- After seven uncomfortable days at sea, we make landfall in Portugal’s old port of Oporto, we continue south in strong Portuguese trade winds and head up the Guadalquivir River to spend the winter in Carmen’s beautiful Seville.
- The journey continues through the Strait of Gibraltar to the spectacular anchorages of the Balearics, mountainous Corsica, picturesque Sardinia and historic Sicily.
- The Mediterranean lives up to its “Feast or Famine” reputation, either too much or too little wind. Levanters and mistrals, meltemis and sciroccos produce stormy gusts and short, steep seas, creating havoc in anchorages causing many sleepless nights.
- We get a good sampling of the many ancient ruins of Greece, and Turkey too, where we have our first encounter with the mysteries of the Muslim world.
- We join the East Mediterranean Yacht Rally from Antalia to North Cyprus and Israel where we go sightseeing through the Bible and experience first-hand the realities of today.
- We sail to Malta, where Martin gets acupuncture treatments for his aching back and continue to Tunisia and a memorable safari in the desert, sail along off-limits Algeria, where we are almost robbed at gunpoint in the dark.
- In Gibraltar we prepare for our Atlantic crossing back to the Caribbean. But midway to the Canary Islands, misfortune strikes.
- The skipper suffers a herniated disc, necessitating an emergency stop in Morocco. After seven painful weeks on his back, he has a successful operation.
- What started as a depressing situation became a positive experience as we befriended many locals, and especially, the family of the night watchman in the Marina, who was extremely kind, bringing us home cooked dinners every night for three months free of charge.
- We learned a lot about their lifestyle and culture and once again, experience how nice and kind people are all over the world regardless of background, colour, culture and faith. We set out across the Atlantic late in the season and experience a rough crossing in nasty gales and scary seas, still reaching Trinidad safely in three weeks.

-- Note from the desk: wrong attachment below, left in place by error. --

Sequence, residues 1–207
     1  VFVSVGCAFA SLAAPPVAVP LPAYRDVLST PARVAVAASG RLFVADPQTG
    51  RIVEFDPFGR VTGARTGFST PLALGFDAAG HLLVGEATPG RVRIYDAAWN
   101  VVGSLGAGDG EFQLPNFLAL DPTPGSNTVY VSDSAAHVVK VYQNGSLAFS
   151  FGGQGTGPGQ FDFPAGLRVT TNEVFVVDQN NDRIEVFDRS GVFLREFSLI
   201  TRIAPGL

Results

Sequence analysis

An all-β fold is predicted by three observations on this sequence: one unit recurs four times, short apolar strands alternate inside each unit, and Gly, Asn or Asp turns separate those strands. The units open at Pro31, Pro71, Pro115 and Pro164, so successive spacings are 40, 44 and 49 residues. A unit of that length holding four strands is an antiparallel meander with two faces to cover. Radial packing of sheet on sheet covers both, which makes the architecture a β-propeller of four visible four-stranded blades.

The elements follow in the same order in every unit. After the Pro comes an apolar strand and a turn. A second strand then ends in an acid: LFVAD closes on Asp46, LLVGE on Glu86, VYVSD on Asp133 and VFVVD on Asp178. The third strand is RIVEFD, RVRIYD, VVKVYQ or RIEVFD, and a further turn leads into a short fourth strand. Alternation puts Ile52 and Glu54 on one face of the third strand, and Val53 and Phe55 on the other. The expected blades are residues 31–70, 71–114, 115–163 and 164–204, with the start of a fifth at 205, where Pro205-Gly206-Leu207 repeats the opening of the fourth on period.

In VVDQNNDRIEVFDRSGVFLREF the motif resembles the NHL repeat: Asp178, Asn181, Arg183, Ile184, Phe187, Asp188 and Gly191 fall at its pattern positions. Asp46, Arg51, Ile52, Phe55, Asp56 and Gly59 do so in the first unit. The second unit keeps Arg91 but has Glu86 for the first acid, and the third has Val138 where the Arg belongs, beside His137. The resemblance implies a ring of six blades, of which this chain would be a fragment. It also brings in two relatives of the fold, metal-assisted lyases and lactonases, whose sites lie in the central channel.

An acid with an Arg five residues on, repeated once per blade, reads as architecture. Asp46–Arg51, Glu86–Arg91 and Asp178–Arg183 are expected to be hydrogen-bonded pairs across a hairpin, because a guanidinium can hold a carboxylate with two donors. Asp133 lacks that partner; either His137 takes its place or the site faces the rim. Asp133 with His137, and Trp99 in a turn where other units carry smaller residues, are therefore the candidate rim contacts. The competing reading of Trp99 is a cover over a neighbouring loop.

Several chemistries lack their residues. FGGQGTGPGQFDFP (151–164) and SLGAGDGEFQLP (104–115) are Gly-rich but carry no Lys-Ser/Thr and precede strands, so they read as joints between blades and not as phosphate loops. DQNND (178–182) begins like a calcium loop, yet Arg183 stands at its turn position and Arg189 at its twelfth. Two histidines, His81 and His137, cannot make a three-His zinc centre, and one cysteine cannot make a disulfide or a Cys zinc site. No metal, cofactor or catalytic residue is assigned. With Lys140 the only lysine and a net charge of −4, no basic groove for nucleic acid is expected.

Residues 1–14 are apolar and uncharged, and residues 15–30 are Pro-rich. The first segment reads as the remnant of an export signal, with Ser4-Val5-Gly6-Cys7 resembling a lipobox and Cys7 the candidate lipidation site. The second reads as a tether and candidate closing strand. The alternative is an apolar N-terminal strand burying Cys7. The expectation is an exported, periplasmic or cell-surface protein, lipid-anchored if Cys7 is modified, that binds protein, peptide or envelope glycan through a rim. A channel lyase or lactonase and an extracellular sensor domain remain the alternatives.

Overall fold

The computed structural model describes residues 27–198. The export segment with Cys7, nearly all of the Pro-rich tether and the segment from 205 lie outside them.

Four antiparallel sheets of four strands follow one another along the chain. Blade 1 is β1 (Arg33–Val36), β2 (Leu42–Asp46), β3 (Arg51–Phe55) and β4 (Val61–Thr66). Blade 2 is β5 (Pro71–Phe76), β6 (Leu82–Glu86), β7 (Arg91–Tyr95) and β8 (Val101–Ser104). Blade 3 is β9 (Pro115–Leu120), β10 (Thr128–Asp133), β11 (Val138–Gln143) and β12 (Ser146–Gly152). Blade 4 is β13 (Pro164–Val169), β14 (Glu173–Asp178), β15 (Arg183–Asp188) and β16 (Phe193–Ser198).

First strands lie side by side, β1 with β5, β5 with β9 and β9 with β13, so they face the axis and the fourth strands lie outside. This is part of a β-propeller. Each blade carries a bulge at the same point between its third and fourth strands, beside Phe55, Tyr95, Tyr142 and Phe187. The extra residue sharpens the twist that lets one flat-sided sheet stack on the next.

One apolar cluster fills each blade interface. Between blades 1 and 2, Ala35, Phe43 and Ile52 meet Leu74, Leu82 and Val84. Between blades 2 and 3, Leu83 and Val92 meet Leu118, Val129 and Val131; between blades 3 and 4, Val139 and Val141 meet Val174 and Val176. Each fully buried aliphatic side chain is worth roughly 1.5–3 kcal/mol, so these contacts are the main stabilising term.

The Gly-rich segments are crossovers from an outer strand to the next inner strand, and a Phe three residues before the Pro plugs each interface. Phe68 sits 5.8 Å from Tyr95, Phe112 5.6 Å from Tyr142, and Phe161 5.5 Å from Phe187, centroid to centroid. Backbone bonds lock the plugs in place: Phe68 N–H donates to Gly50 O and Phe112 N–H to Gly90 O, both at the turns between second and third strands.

- We head towards the spectacular reef anchorages off Venezuela and the Lesser Antilles. In San Blas, we get a Hero’s Welcome from the Kunas who remember us from six years earlier when we helped them transport a dead man on Nor Siglar’s deck to his funeral.
- The unique reunion gains us carte blanche to sights and activities “ordinary tourists” would never get access to, a rare treat to treasure. We end this long part of our journey – 18,000 nautical miles over four years – by transiting the Panama Canal for a second time, pointing our bow into the South Pacific.
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Module #5: The South Pacific – the Sea of Dreams
Panama – Galapagos – French Polynesia – Tonga – Fiji – Vanuatu – Solomon Islands
- Gliding out of the last lock of the Panama Canal, we find ourselves at a crossroads. Seven years into our adventure, which was supposed to last 3-4, we should really be heading north and home. But the lure of the South Seas proves too strong, and we set sails in the opposite direction, committing ourselves to several more years at sea.Experienced and confident, we are ready to tackle the long ocean passages alone. Another milestone is reached crossing the Equator into the southern hemisphere.
- Come with us to Galapagos, to stand face to face with giant tortoises, learn to deal with corrupt officials, nasty infections and a sore back.
- Come with us to French Polynesia, with air laden with the heavy scent of tropical fruit and flowers, beautiful “vahines”, erotic hula-hula, tattooed men racing outrigger canoes, gourmet food and joie de vivre.
- Witness how we trade locally harvested black pearls and learn to avoid poisonous reef fish.
- Come cruise the magic islands of Tahiti, Moorea and Bora Bora with their stunning turquoise crystal clear lagoons sheltered in anchorages behind treacherous reefs and experience “Heiva”, an arts and cultural festival complete with traditional games, song and dance.
- Then on to the Kingdom of Tonga where traditions are strong, evident in unique pandanus basketry and crafts, tapa clothing and special “laka laka” song-play and dance. We feast on pigs roasted on the spit, food wrapped in banana leaves cooked in underground ovens and attend our first kava ceremony.
- One day Tonga’s 300 lb. 80-year old king comes swimming out to Nor Siglar and circles her several times as part of his daily exercise routine.